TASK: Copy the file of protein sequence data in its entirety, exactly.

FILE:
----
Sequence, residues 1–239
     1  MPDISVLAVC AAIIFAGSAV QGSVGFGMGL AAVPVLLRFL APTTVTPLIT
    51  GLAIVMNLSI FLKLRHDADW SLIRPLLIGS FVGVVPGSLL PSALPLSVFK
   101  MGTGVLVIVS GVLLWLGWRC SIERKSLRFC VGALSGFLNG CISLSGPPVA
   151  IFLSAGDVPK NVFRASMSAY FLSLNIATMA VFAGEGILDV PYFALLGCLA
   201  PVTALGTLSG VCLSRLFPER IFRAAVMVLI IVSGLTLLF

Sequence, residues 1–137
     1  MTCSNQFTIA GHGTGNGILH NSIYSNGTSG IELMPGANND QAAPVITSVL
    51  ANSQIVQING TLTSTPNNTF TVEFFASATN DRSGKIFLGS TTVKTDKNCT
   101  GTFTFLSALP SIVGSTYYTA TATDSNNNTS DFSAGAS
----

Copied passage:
Sequence, residues 1–239
     1  MPDISVLAVC AAIIFAGSAV QGSVGFGMGL AAVPVLLRFL APTTVTPLIT
    51  GLAIVMNLSI FLKLRHDADW SLIRPLLIGS FVGVVPGSLL PSALPLSVFK
   101  MGTGVLVIVS GVLLWLGWRC SIERKSLRFC VGALSGFLNG CISLSGPPVA
   151  IFLSAGDVPK NVFRASMSAY FLSLNIATMA VFAGEGILDV PYFALLGCLA
   201  PVTALGTLSG VCLSRLFPER IFRAAVMVLI IVSGLTLLF

Sequence, residues 1–137
     1  MTCSNQFTIA GHGTGNGILH NSIYSNGTSG IELMPGANND QAAPVITSVL
    51  ANSQIVQING TLTSTPNNTF TVEFFASATN DRSGKIFLGS TTVKTDKNCT
   101  GTFTFLSALP SIVGSTYYTA TATDSNNNTS DFSAGAS